Fight codling moths - these natural remedies help effectively

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Fight codling moths - these natural remedies help effectively: moths

Who wants to fight the infestation of his fruit tree with the codling moth, should do so possibly with natural or biological means. Although there are many commercially effective chemical insecticides on the market, they can be extremely negative. They are also not necessary, because there are plenty of methods and measures to really and effectively put the codler really effective and sustainable.


It is like all other pests also: First of all you have to recognize an infestation with the codling moth. In the process, the pest, also known as a fruit moss, can not only attack apple trees, but also virtually any other fruit tree in the garden. The problem is not the winder itself. It is a butterfly or a butterfly that is not interested in the fruit on the tree. The real danger comes from its larvae, which feed on the fruits and therefore eat from the outside into the interior of the fruit. The female codlers deliberately lay their own on the surfaces of young fruits. Up to 60 pieces can be that per animal. It is ideal if you already recognize the freshly laid eggs and then begins to fight. The following helps with detection:
  • Eggs are preferably laid in warm temperatures from May to June.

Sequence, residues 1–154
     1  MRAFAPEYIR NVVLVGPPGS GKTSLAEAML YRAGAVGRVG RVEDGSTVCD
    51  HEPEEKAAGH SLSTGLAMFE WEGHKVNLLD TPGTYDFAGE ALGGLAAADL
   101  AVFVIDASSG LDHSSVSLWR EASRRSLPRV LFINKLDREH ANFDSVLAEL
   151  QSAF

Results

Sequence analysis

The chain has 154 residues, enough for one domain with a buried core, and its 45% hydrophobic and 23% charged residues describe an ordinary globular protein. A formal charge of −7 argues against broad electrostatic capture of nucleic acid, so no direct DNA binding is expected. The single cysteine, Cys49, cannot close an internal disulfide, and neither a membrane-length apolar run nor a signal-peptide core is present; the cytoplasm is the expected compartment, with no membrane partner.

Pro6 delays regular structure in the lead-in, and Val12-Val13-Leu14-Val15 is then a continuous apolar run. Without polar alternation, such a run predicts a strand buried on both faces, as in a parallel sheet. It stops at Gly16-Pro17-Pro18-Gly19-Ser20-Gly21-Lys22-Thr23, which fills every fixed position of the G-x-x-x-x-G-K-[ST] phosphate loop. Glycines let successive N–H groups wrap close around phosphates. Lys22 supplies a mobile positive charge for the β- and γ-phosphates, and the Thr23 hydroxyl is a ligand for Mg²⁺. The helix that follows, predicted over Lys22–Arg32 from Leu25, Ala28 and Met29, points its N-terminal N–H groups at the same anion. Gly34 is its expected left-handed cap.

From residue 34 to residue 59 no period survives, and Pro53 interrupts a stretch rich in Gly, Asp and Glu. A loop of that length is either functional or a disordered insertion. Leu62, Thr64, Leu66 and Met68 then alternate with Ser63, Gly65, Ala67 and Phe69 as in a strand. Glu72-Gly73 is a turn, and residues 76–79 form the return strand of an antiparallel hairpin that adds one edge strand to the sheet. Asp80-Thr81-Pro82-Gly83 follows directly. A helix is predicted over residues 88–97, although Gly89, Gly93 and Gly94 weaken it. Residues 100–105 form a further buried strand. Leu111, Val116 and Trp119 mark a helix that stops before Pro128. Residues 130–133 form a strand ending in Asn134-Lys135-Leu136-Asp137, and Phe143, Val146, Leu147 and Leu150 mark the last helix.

• The eggs are deposited on young fruits as well as on neighboring leaves.
  • The larvae hatch after seven to 15 days.
  • The eggs have a whitish color, appear more transparent, are shaped very flat like a lens and are about one millimeter in size.
  • The hatched larvae have a white-yellowish color and are about two millimeters in the initial stage.
Without regular visual inspection, where it is best to climb into the apple tree, an infestation can not be detected. It often helps to shake branches and fruits easily. Both the eggs and the larvae then inevitably fall to the ground. If you have previously laid out a foil, you can see the intensity of the infestation on the basis of the yield. A very clear indication are also perforated fruits. If one recognizes these, the larvae have already drilled into the fruit. At the latest then action is required.
Tip: With a so-called pheromone trap, which is commercially available, can be estimated early on the intensity of a possible infestation.

Biological control

Since one would like to eat the fruits of a fruit tree, biological control of the codling moth or the fruit mound is always to be preferred. There is not one method, but rather a whole set of measures. The best method is anyway, which starts at the root and prevents or minimizes an infestation if possible. Prevention is therefore just as important as the actual fight. The following measures have proven to be effective in getting the problems with the codler naturally under control:

Remove infected fruits immediately

Codworm - Cydia pomonella

If it is determined by their perforation that fruits are already infected with the maggot, they must be removed immediately. This applies to fruits that are still hanging on the tree as well as those that have fallen to the ground. Leaving them on the ground, the danger is great that the maggots leave them and crawl back into the tree on the trunk. Depending on the intensity of the infestation, they must either be cut out or disposed of completely. The disposal should not take place on the compost, but in the residual waste bin.